My Cheese-Making Adventure

Last month I took a cheese making class. The instructor was amazing and very knowledgeable. I learned the chemistry behind cheese and came away with confidence that I could make my own cheese. Making your own delicious cheese at home is easy and it doesn’t take a lot of time.

This is a cheese platter I made up for a neighborhood party. See the white cheese on the top tray to the right? That was my homemade cheese! “Was” being the key word here. It was devoured and guests were telling me it was their favorite cheese on the platter. As a beginning cheese maker, I felt accomplished.


Some tools are required to make cheese so it’s important to make a list of the items you’ll need. A good book is key. I recommend Artisan Cheese Making At Home, by Mary Karlin. This book is very detailed and includes photos and lots of recipes. It’s a beautiful book. Did I mention recipes? How about a Dill Havarti or a Lavender Chevre? Or maybe start out with a cream cheese, Queso Fresco or Ricotta Salata.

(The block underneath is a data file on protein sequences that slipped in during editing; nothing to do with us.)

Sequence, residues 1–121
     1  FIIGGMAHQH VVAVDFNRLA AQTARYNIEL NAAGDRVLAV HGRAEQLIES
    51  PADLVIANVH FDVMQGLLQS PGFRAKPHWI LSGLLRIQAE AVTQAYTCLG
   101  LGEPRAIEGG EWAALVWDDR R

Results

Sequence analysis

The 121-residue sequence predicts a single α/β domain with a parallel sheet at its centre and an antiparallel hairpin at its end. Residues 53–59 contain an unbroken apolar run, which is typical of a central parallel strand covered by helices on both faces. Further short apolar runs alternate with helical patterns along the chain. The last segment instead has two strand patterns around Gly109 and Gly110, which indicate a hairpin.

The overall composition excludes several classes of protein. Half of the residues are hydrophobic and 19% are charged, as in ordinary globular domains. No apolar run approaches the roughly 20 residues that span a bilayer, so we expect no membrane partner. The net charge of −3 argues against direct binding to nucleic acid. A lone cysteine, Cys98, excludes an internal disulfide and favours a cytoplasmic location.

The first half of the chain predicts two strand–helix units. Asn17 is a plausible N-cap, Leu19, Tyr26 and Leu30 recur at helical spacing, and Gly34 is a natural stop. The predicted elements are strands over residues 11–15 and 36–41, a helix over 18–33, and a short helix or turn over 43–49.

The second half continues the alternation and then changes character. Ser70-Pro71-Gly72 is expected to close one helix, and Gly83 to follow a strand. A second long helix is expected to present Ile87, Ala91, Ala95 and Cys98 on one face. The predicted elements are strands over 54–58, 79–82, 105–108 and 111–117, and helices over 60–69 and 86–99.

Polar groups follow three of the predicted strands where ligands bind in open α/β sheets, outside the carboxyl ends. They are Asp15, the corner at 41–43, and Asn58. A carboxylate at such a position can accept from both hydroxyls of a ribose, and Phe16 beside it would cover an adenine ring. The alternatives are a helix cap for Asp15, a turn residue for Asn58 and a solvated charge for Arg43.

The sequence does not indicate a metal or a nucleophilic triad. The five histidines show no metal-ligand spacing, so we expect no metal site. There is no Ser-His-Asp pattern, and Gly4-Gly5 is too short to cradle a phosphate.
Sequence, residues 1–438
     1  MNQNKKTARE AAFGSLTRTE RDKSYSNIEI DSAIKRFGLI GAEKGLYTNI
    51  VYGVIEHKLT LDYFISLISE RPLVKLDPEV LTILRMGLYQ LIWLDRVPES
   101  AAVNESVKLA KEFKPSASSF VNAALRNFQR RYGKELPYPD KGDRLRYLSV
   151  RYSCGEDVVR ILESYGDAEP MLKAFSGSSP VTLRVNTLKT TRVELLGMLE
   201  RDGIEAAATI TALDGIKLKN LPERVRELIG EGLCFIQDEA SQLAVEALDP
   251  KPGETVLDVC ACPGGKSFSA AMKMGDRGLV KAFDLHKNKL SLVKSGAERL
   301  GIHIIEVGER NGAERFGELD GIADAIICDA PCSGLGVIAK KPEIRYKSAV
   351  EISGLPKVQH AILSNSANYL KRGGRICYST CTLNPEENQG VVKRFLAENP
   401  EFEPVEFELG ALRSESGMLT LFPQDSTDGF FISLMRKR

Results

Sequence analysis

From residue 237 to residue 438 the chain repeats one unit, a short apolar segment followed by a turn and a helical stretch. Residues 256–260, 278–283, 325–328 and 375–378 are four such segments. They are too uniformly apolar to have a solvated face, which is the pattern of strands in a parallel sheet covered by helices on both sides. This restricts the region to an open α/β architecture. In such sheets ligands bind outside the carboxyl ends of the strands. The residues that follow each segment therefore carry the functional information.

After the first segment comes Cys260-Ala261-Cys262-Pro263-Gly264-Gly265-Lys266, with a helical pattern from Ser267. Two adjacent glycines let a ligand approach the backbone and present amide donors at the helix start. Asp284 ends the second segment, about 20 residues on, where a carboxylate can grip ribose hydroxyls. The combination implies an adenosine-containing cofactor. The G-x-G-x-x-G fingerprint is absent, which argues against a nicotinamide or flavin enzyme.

The first cheese I made from this book was a basic goat’s milk Chevre. It didn’t last long. Incidentally, finding goat’s milk is not easy. Some stores carry goat’s milk, but it is “ultra” pasteurized and the “ultra” is not what you want. Just “pasteurized.” I finally found some at one Henry’s location. Apparently, dairies started ultra pasteurizing because it lasts on the shelf longer. Unfortunately, this is not good for getting the curds to set properly. Cheese making is all about the chemistry. Did you know that unlike cow’s milk, goat’s milk is naturally homogenized?


Curds draining in the mold. After draining overnight, the cheese will be placed in a brine for a few hours.

Next I tried a Crescenza with cow’s milk (in the photo above). Crescenza is an Italian soft cheese with a salt brine. It is not aged and is great for spreading on crackers. I ended up with two pounds of Crescenza.

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